A Tale of Two Bridges

(The Arts and Science go well together. Religion and Science do not.)

In this two hundredth birthday year for Charles Dickens I thought to honour the great man by choosing, as a title for this essay, a variation on the title of one of his most enduring books, A Tale of Two Cities. The two cities of the original were London and Paris and the setting was one of the great transitions of the last few centuries: the French Revolution, an overthrowing of a feudal monarchy of aristocratic and religious privileges and the Declaration of the Rights of Man and of the Citizen. The effects of this reverberated around Europe and beyond as the ideas of the Enlightenment, equality and inalienable rights, found fertile ground wherever there was inequality and persecution. Dickens, of course, depicted both the plight of the French peasants and the subsequent brutality of the revolutionaries, and used this as a background for the lives of his characters living through these turbulent times, he also portrayed a correspondingly dark picture of the social life in London at that time as his protagonists moved between the two cities.

Seventy-odd years later, another great British author also chose those two cities for his first full-length work, with Down and Out in London and Paris George Orwell depicted the plight of those at the bottom of the social ladder in both cities. Have things changed that much? Well that’s probably a discussion for another time, but with writers like Dickens and Orwell shining a light into the darker areas of society there is always hope that the ideas and ideals of the Enlightenment will survive and prosper.

It is interesting to note that A Tale of Two Cities was first published (in instalments) in 1859, the same year in which another Charles, that painstakingly dedicated scientist Charles Darwin, published On the Origin of Species, itself a spark for a tremendous transition in the way we view ourselves and our relationship to the rest of the world. No longer were we created separately from nature, no longer were we special, we evolved within the world, we were part of it and we were, by definition, animals. Here is George Bernard Shaw writing about the startling effect that this transition had at the time: -

“We had been oppressed by the notion that everything that happened in
the world was the arbitrary personal act of an arbitrary personal god of
dangerously jealous and cruel personal character... The moment we found
that we could do without Shelley’s almighty fiend intellectually, he went
into the gulf that seemed only a dustbin with a suddenness that made our
lives one of the most astonishing periods in history.”

After this initial wave of enthusiasm, however, and the feeling of a weight being lifted from the shoulders of the mind, Shaw began to fathom a sense of nihilism in these ideas (transitions are often difficult and troubling times to live through). He wrote: -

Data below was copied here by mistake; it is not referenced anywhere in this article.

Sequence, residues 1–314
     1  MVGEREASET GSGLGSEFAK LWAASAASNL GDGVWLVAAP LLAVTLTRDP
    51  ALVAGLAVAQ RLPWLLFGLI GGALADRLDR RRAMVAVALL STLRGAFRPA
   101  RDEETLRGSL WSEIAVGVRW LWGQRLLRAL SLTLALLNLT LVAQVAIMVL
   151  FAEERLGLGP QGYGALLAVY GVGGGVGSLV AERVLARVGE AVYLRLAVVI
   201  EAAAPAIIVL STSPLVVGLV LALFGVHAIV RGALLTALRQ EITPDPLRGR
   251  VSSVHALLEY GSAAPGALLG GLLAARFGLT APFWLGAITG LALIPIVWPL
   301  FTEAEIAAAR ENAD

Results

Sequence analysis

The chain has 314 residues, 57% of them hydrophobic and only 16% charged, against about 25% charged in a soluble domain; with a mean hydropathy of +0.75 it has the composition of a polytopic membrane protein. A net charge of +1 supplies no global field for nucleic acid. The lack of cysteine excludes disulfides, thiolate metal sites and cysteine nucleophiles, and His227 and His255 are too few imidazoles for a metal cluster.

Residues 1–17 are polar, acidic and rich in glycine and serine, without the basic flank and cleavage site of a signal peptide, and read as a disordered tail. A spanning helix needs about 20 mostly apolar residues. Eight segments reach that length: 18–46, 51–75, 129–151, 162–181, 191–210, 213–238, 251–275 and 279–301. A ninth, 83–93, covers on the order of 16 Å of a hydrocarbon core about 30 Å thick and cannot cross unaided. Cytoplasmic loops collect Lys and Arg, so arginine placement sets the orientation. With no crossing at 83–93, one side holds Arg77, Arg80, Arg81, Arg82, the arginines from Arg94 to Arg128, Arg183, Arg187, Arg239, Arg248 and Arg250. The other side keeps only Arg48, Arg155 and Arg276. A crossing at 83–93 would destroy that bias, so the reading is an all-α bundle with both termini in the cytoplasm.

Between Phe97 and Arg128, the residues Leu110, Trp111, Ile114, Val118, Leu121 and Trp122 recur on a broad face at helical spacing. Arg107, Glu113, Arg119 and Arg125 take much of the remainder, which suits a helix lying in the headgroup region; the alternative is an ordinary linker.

“It seemed such a convenient grave that nobody at first noticed that it was
nothing less than a bottomless pit... when its whole significance dawns on
you, your heart sinks into a heap of sand within you.”

While still rejecting a personal god, he (like many others at that time) went on to believe in some kind of life force, a spirit and a creative evolution. All this, though, without a shred of evidence, and so belonging to what the scientist Richard Dawkins calls “the argument from personal incredulity”. Darwin himself understood the value of evidence; he knew for instance that if one fossil was found in the wrong strata of rock, say that of a rabbit in Jurassic strata, then his whole theory would come tumbling down. It never has of course.

Shaw was not the first to complain of the sterility of science, Jonathan Swift, for instance (he of Gulliver fame) came squarely down on the side of the arts in a lovely, little satire called The Battle of the Books, sometimes known as The Quarrel of the Ancients and the Moderns, published in 1704. This examined the contention that a study of the Greek and Roman classics was a superior enterprise to the study of modern science. The battle of the title is depicted as taking place in a library where a careless librarian had miss-filed many of the books so that the ancients and moderns were mixed up and next to each other on the shelves. Descartes was placed next to Aristotle, Hobbes with Plato and so on. Words start flying and then the characters are soon involved in full scale war with each other.

The battle is temporarily interrupted however, as Swift includes an interlude with a charming dispute between a spider and a bee. The spider is spinning his lonely, intricate web in a dusty corner of a building when a bee flies in and breaks the web, the spider curses him and they get into an argument about which of their lifestyles is more worthwhile. The spider (representing science) says look at my lovely web, it’s a beautiful creation all of my own, and he then accuses the bee (an analogy for someone from the arts) of just borrowing from others, flitting from flower to flower and taking a little bit of nectar from each. The bee responds that the spider is working in the dark and has little awareness of the rest of the world, and that going from flower to flower he can sample the best things from many different places. And it is here that Swift adds to our language: even if you don’t know the story you will know the following phrase. The bee says he uses what he takes from the flowers to make honey and wax (for shining things) and he calls this ‘sweetness and light’. You can see where Swift’s allegiances lie; it’s clearly with the arts. (As is often the way, however, the phrase has, these days, almost reversed its meaning with people using it in a slightly derogatory fashion, as in ‘oh, that’s just sweetness and light’, i.e. something superficial.)